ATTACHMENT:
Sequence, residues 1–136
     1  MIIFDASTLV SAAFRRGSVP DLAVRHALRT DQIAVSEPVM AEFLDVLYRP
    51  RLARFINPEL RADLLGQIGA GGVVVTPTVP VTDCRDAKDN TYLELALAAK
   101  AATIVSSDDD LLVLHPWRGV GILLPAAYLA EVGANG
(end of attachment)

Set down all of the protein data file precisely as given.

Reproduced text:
Sequence, residues 1–136
     1  MIIFDASTLV SAAFRRGSVP DLAVRHALRT DQIAVSEPVM AEFLDVLYRP
    51  RLARFINPEL RADLLGQIGA GGVVVTPTVP VTDCRDAKDN TYLELALAAK
   101  AATIVSSDDD LLVLHPWRGV GILLPAAYLA EVGANG